Memories of Margaret Mary McElhinney (nee Hall)

The following submission appeared in “We Are Newton: A Neighbourhood Anthology.” See here for more information about the project.

By: Margaret Mary McElhinney (nee Hall)

My parents and their five children, Dick, Glover, Bob, Fred and Edith came to Newton in 1914 and resided in a house on the east side of Bergstrom Road (now King George Boulevard), just north of the tracks until 1920. In 1920 they moved across the Bergstrom Road to property which is now Hall Road. At that time we had a wide gate across the road just off 72nd (Newton Road). I guess the gate really should not have been there but no one seemed to bother about it. The road went down several hundred yards to our barn, then it was just bush. We had a trail down to the now King George Boulevard and used to take the cow down to our other property to pasture.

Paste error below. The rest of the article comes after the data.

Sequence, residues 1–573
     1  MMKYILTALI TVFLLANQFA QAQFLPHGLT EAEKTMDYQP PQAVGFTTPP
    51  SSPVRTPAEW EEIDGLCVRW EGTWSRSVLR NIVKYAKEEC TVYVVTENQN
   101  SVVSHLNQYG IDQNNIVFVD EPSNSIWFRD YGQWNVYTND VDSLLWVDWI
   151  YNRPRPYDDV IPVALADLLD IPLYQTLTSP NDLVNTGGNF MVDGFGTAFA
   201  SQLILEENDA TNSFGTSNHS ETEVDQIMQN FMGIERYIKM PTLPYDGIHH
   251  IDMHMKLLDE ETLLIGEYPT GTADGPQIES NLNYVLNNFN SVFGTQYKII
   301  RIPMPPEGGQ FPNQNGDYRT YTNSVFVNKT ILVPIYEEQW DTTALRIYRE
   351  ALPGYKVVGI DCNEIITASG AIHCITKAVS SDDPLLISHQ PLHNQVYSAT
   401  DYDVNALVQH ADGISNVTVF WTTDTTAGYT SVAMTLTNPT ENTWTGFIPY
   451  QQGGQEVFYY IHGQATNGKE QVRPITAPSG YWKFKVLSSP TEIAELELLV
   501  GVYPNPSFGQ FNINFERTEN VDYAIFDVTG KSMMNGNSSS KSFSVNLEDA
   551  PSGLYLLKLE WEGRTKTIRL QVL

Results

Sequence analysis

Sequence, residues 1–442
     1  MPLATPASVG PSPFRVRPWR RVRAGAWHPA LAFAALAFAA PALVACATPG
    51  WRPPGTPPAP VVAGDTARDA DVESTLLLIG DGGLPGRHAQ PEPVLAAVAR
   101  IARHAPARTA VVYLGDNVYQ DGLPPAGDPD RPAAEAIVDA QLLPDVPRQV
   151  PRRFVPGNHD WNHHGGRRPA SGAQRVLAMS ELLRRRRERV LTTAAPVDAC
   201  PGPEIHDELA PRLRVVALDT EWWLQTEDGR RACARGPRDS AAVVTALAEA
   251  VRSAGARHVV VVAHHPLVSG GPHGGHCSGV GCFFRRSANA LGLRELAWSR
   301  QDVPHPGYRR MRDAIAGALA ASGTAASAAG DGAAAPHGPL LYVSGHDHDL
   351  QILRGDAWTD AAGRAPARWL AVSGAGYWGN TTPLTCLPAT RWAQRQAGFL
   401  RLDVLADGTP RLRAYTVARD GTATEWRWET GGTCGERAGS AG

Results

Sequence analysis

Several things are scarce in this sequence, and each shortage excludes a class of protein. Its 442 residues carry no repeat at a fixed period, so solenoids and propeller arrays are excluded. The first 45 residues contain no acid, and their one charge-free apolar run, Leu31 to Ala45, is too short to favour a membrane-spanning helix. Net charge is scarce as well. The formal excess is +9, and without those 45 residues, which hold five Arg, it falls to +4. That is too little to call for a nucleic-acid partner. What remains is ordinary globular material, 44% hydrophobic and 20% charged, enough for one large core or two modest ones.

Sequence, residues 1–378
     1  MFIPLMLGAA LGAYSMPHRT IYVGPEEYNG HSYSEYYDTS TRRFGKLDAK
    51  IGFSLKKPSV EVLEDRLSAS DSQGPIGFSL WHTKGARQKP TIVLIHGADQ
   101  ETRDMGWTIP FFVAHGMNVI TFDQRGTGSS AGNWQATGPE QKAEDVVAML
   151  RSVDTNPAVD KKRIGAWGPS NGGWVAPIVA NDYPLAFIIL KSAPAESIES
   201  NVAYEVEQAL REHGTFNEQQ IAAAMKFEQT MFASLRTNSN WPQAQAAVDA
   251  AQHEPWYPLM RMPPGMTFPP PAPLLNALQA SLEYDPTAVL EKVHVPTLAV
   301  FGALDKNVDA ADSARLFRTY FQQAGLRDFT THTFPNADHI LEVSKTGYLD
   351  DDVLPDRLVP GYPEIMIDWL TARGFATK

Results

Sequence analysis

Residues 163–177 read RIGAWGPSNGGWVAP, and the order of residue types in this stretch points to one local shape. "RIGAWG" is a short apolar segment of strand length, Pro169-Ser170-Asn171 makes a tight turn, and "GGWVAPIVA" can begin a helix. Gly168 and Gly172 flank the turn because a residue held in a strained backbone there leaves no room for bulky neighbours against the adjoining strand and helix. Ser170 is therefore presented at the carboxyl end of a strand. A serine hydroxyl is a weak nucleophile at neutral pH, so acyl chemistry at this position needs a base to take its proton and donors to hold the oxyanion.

I was born in the house on Bergstrom Road in 1915. I remember my mother saying that she was seven or eight months pregnant and contacted Dr. F. Sinclair from Cloverdale. He drove to the house in a horse and buggy. He told her as this was her sixth child he didn’t think she had to go to the hospital. I was born before he got there and Granny Atchison looked after the birth. She was midwife to many babies born in Newton at that time.

In 1921 my mother, sister Edith and I went to England for six months and stayed with friends and relatives.

My father came to Canada in 1905, settling in Winnipeg. My mother and the three little boys followed the next year. My brother Fred and sister Edith were born in Winnipeg. My mother had some of her furniture stored in England when she first came to Canada and when we went in 1921 she had some of it shipped out. I remember it coming to Newton Station on the freight train. What an exciting time for everyone. Two grandfather clocks were damaged in transit and were discarded. How I would like to have them now.